Thirty years ago, Amherst College Professor John “Jack” Pemberton and his wife Jane, bought a home in Pelham that came with 11 acres of land. They named their new homestead “High Ridge.” Across the road, beautiful woodlands beckoned, and the Pembertons later purchased 52 acres of this forested area.
“My husband roamed the trails on this land with our dogs almost daily for many years,” Jane said. “We named the trails after our grandchildren, who often joined him in enjoying the forest.”
The Pembertons recognized that in the future, when their land was passed on to new owners, it could be at risk for development because of its scenic views looking towards the Connecticut River. So, in 2015, they started a conversation with Kestrel Land Trust to talk about the process of conserving this land that was so important to them.
Creating Critical Wildlife & Human Connections
In fact, this place was important to many others as well—human and wildlife alike. The upland forest of oak and hickory slopes down towards Arnold Road, and a rich wetland habitat, with a certified vernal pool, lies to the south. The wetlands provide breeding grounds for amphibians like wood frogs and salamanders, and the forest also has potential to offer prime habitat for the Eastern Box Turtle, which MassWildlife has identified as a species of special concern.
Just as important for wildlife is where this land sits on the landscape. It’s uniquely situated adjacent to several conservation areas, including Kestrel’s 78-acre natural area to the east, and the Town of Pelham’s Butter Hill Wildlife Sanctuary to the south. Conserving this land would create a critical link in a 475-acre network of protected lands, allowing far-ranging species like black bear, bobcat, and moose to move around the region without being completely blocked in by development.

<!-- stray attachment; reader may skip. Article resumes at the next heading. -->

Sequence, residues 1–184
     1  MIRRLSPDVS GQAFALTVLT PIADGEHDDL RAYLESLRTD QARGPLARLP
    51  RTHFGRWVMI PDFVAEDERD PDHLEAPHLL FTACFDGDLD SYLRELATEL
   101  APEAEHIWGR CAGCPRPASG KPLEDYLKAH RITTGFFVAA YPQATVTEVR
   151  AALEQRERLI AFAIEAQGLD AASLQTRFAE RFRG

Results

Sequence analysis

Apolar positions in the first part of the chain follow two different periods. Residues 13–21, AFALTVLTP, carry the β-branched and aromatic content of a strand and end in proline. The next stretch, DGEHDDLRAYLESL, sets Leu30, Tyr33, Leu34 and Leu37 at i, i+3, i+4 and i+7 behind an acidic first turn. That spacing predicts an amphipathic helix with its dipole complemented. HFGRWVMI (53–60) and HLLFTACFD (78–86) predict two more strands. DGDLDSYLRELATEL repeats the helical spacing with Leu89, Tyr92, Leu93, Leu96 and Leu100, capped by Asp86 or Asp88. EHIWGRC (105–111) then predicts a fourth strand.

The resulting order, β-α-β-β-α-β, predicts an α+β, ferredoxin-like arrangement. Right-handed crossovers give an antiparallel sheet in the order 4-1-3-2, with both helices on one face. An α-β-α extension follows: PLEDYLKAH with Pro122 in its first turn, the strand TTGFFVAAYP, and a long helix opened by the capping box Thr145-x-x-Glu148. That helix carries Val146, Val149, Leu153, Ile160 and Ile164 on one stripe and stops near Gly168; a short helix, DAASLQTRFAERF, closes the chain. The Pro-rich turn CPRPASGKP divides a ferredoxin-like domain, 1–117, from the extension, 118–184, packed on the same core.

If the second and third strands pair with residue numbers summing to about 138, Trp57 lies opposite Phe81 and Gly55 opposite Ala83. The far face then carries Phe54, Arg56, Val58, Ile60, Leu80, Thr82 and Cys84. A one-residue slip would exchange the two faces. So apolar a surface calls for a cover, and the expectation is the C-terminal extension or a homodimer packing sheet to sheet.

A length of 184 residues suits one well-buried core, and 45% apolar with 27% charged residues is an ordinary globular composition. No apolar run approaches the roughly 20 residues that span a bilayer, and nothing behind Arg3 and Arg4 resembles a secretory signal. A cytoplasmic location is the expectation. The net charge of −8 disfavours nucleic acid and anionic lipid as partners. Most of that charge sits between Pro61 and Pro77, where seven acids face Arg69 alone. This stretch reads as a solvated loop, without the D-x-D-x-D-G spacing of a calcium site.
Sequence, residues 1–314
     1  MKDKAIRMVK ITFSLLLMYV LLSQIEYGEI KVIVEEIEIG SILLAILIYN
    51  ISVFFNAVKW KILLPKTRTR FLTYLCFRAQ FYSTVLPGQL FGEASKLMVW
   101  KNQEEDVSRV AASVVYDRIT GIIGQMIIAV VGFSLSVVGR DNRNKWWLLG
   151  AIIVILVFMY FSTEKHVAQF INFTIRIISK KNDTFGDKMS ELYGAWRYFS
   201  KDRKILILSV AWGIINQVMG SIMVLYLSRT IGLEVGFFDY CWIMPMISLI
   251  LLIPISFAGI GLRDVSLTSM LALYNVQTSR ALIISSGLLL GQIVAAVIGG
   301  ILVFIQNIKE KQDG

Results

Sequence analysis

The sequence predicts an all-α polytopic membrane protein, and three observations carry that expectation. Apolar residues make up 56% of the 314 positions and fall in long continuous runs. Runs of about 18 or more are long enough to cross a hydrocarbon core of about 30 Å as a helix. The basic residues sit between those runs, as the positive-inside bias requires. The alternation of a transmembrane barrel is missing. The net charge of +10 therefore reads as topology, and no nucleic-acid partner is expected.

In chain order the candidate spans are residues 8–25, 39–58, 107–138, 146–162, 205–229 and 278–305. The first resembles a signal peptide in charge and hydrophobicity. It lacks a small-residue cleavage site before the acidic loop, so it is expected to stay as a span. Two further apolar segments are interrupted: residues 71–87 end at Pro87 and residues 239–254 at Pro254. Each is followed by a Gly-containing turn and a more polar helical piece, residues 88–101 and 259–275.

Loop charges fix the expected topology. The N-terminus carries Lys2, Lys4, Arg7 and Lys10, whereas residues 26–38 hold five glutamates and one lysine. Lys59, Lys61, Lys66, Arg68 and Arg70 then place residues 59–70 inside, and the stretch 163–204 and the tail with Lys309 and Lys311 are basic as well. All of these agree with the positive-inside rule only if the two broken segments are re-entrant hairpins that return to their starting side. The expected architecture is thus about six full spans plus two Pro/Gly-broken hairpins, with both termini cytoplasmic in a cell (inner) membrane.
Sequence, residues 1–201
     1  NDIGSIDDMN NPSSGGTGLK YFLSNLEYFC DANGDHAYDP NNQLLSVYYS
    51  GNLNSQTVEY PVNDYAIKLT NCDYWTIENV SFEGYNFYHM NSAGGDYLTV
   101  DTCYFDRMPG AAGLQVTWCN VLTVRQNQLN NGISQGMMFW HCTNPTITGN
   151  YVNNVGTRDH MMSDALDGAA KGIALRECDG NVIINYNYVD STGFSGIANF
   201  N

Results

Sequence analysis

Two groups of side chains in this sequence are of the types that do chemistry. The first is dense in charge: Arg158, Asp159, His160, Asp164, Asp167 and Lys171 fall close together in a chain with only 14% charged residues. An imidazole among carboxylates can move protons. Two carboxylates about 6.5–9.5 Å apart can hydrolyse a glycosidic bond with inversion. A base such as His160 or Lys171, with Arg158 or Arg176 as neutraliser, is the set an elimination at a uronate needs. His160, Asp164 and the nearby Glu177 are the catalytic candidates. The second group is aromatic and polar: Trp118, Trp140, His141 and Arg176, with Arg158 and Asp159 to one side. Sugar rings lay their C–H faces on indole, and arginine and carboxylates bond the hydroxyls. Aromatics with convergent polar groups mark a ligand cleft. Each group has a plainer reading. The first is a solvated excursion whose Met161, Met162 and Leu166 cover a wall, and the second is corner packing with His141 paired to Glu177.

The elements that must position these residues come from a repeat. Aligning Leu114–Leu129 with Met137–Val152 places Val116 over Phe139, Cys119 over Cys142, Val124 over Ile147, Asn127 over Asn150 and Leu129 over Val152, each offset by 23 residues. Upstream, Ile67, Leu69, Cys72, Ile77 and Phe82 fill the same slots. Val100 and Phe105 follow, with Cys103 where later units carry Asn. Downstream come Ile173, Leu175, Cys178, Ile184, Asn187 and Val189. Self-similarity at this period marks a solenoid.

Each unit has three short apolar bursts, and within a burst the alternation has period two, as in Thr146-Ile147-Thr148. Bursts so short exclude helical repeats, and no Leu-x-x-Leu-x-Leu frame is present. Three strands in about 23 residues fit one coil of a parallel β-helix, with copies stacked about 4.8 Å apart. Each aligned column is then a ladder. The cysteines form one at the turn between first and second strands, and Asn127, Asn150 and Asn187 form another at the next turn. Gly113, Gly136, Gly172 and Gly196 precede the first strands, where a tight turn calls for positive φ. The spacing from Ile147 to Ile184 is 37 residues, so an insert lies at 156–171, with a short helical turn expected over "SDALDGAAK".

For the human community, the Pemberton’s land provides an extensive trail network, connecting to miles of existing trails in Butter Hill Sanctuary, Harkness Road Conservation Area and Well Away Farm Conservation Area. The land also fills a critical missing link between Kestrel’s property—which has been landlocked with no available public access point for years—and the town conservation areas.
A Last Wish Becomes Reality
Sadly, John Pemberton passed away before he could see his land conserved, but Jane forged ahead to see their dream become a reality. Between the summer and fall of 2017, all 52 acres were conserved in a partnership between the Pelham Conservation Commission and Kestrel Land Trust.
Jane Pemberton sold 36 acres to Kestrel and then donated the northern 16 acres to the Town of Pelham, all of which will be managed for wildlife habitat and public recreation. Funding was provided by a state Conservation Partnership Grant, private foundation grants, Pelham CPA funds, and many generous neighbors who donated to support this project.
“We did not want to see this beautiful piece of property developed with houses, and felt that Kestrel was the perfect partner for conserving the property,” said Jane. Fittingly, the newly conserved land is named in her husband’s memory: The Pemberton Memorial Forest.